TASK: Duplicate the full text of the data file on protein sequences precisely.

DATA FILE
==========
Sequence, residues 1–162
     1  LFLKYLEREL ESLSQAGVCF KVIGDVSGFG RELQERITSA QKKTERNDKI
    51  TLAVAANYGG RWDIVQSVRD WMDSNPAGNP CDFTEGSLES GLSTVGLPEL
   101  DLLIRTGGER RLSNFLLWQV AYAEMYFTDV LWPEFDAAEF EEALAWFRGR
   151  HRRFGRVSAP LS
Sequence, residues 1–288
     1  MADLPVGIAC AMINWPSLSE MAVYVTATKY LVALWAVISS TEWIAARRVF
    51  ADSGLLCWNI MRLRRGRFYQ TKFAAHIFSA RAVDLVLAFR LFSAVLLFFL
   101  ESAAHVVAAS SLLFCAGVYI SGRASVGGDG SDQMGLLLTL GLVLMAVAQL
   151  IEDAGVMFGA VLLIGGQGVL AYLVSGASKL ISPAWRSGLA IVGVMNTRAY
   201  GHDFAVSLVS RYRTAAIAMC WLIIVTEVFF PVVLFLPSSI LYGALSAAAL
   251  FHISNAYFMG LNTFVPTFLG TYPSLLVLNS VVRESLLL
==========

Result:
Sequence, residues 1–162
     1  LFLKYLEREL ESLSQAGVCF KVIGDVSGFG RELQERITSA QKKTERNDKI
    51  TLAVAANYGG RWDIVQSVRD WMDSNPAGNP CDFTEGSLES GLSTVGLPEL
   101  DLLIRTGGER RLSNFLLWQV AYAEMYFTDV LWPEFDAAEF EEALAWFRGR
   151  HRRFGRVSAP LS
Sequence, residues 1–288
     1  MADLPVGIAC AMINWPSLSE MAVYVTATKY LVALWAVISS TEWIAARRVF
    51  ADSGLLCWNI MRLRRGRFYQ TKFAAHIFSA RAVDLVLAFR LFSAVLLFFL
   101  ESAAHVVAAS SLLFCAGVYI SGRASVGGDG SDQMGLLLTL GLVLMAVAQL
   151  IEDAGVMFGA VLLIGGQGVL AYLVSGASKL ISPAWRSGLA IVGVMNTRAY
   201  GHDFAVSLVS RYRTAAIAMC WLIIVTEVFF PVVLFLPSSI LYGALSAAAL
   251  FHISNAYFMG LNTFVPTFLG TYPSLLVLNS VVRESLLL